Magazine of Socialist Action in Australia

Why the NTEU is wrong to back the Greens

Reading Time: 3 minutes

In late June, the National Tertiary Education Union (NTEU) voted to set up a $1 million fund to be used to support the Greens in the upcoming federal election. The NTEU are putting forward the idea that this alone is the best way to beat back the government’s $2.8 billion of cuts to the university sector.

At a specially convened meeting of the NTEU’s national council, 60% of delegates voted to create the election fund. The money will nominally be used to support individual candidates with the union’s own material and human resources. The explicit aim is keeping the Greens in the balance of power.

Given that both of the major parties are committed to implementing education cuts in some form, relying on the balance of power in parliament is a poor strategy.

Far from advocating a real alternative to cuts and the marketisation of education, the NTEU is really striving to defend the position of the ALP – the same party that is responsible for implementing the cuts! NTEU National President Jeannie Rea said “We don’t want to see the Labor Government voted out and a Coalition Government voted in but the ALP needs to hear loud and clear that the $4 billion cuts to higher education since 2011 are plain dumb.”

On one level the NTEU’s strategy attempts to discipline Labor, papering over the fact that ALP have been implementing the same neo-liberal polices as the Liberals for years. In fact, it was the ALP that began the attacks on higher education in the 1980s. The truth is that the cuts are driven by big business pressure to protect profits and open up new markets for exploitation. All of the parties that support the market system should therefore share the blame.

The Greens, for their part, have mouthed opposition to the cuts but have in reality propped up the ALP government for most of the last term. They have voted for all of their budgets including those that make cuts to education. They support the same profit driven market system as the major parties.

Because the Greens do not have an economic or political alternative to the major parties their rhetoric is often in stark contrast to their actions. The idea that simply voting for them will solve the problems in the university sector is at best deeply mistaken or at worst utterly dishonest.

NTEU members need to fight for a genuine political alternative. Only a system that seeks to remove the profit motive from education can ensure that the sector is properly funded and accessible to all. Unions need to build a party that that fights for this not just in the parliament but on the streets and in the workplaces.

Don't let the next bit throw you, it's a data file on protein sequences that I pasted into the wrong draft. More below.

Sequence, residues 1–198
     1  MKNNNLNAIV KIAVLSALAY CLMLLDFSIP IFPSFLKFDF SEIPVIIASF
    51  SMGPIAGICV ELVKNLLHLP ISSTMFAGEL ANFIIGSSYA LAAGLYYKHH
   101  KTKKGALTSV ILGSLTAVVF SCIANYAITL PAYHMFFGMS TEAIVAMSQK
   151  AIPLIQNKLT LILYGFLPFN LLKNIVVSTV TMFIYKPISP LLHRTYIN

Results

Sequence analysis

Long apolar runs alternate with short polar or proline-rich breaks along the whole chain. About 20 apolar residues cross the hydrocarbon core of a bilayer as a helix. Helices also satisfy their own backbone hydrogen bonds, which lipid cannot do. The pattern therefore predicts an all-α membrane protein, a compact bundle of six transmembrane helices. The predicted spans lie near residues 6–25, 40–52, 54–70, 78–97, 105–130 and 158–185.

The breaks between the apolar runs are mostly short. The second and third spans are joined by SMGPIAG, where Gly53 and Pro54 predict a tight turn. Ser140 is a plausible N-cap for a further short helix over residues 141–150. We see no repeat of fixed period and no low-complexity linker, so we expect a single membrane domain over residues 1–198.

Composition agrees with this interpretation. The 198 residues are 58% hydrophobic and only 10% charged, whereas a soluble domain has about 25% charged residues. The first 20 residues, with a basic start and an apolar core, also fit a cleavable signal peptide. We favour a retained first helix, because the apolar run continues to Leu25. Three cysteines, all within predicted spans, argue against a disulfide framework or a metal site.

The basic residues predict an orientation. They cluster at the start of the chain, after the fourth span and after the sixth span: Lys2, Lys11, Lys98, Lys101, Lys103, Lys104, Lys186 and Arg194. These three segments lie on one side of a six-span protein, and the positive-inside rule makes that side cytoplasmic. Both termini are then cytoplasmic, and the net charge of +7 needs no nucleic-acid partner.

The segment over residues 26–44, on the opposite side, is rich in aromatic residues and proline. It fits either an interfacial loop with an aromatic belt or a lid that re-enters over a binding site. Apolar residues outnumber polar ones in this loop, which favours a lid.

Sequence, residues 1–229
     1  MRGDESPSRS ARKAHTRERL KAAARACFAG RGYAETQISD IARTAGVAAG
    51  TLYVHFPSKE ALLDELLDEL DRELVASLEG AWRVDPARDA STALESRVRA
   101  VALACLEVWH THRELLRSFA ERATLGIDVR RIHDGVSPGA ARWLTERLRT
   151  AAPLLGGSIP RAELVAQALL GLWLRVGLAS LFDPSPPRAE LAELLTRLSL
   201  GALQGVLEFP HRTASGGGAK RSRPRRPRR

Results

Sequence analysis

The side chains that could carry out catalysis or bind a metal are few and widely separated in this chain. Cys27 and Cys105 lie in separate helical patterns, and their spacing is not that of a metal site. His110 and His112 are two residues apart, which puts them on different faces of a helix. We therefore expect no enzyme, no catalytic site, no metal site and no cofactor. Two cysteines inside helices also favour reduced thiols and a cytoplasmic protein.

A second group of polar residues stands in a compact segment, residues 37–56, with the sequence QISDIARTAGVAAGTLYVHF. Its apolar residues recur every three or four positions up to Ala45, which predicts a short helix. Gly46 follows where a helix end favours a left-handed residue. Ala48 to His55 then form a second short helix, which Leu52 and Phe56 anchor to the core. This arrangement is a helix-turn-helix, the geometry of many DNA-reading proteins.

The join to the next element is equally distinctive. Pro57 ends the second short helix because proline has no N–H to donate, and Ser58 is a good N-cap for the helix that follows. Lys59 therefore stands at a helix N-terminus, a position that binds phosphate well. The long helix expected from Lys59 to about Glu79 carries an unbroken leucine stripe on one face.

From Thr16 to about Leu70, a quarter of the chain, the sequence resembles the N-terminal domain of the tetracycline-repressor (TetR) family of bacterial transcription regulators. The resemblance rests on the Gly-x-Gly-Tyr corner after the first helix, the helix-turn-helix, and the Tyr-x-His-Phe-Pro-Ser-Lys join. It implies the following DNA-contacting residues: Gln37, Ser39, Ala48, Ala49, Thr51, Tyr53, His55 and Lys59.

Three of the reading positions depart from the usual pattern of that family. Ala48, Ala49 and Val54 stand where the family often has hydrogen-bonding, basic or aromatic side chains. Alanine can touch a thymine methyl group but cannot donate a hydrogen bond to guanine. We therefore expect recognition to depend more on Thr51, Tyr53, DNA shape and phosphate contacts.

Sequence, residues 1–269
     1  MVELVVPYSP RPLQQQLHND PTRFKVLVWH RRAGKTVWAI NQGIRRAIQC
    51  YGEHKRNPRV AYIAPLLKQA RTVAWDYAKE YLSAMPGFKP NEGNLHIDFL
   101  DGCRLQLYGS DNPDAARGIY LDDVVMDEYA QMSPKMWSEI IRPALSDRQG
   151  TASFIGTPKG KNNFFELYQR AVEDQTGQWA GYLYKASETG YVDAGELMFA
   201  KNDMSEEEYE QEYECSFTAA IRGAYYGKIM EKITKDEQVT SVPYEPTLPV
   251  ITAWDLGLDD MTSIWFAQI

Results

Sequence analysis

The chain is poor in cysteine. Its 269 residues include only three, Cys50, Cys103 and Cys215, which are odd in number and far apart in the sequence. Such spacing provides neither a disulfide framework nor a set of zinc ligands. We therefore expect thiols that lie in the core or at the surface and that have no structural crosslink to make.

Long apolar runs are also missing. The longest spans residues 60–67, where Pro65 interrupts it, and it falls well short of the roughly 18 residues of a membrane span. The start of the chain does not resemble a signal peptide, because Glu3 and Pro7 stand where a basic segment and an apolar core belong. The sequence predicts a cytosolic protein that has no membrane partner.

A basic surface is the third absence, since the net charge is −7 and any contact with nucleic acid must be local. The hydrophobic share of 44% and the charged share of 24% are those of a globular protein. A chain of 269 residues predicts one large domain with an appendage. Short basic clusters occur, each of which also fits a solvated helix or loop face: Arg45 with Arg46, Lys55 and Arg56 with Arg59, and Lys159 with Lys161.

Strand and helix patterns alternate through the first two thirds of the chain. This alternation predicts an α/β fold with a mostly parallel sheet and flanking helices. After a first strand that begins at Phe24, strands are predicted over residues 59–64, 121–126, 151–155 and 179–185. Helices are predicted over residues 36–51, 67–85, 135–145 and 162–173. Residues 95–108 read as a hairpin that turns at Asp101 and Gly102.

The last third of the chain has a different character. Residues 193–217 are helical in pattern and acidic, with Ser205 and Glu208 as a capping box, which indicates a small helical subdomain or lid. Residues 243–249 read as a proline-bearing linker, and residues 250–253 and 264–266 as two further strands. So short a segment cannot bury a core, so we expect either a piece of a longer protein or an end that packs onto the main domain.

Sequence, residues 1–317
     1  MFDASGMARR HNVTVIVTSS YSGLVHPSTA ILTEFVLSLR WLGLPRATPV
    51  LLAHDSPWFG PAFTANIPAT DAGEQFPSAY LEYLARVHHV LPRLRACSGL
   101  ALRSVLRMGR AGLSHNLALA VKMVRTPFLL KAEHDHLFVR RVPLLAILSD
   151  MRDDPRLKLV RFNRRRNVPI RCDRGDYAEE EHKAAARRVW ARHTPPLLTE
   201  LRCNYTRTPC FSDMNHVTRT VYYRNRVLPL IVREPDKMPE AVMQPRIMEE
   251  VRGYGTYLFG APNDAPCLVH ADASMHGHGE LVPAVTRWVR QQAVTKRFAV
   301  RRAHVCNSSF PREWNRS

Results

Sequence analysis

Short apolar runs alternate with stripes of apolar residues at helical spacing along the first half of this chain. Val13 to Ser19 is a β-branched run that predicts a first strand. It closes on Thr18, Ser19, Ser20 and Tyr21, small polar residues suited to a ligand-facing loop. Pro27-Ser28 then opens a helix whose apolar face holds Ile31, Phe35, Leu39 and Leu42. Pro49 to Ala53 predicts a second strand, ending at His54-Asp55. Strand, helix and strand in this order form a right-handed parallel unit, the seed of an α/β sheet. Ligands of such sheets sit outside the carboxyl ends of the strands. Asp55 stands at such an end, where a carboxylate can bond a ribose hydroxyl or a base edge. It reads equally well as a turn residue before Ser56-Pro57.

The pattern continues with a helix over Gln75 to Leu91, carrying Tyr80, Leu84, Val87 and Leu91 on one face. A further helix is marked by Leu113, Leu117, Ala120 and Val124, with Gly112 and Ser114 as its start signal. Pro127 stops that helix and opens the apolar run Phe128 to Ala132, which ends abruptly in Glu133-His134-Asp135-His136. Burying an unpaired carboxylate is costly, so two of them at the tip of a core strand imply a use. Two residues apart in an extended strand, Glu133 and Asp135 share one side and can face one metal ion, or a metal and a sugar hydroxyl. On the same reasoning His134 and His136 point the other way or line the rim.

A political alternative to the market system needs to be linked to an industrial strategy that mobilises university staff – utilising their own power as workers that are integral to the education process – to force through the types of progressive changes we need. A campaign of strike action and mass protests that also involves students is the best way to win.

The NTEU leaders have justified their lack of an industrial strategy by saying that the Fair Work legislation makes it illegal to strike except during bargaining periods. While this shows the need to challenge these laws – including by defying them – given that there are many workplace agreement negotiations currently taking place it would actually be possible to legally organise co-ordinated stop work actions in a number of universities.

Far from sowing illusions in the Greens, real change can be achieved if university staff rely on their own industrial strength and link that with politics that challenge the market system itself. A 24-hour nation-wide staff and student strike in the sector should be the next step in the campaign.

Defeating these cuts and winning free and accessible education for all is possible if a fighting strategy is adopted.

By W. van Leeuwen


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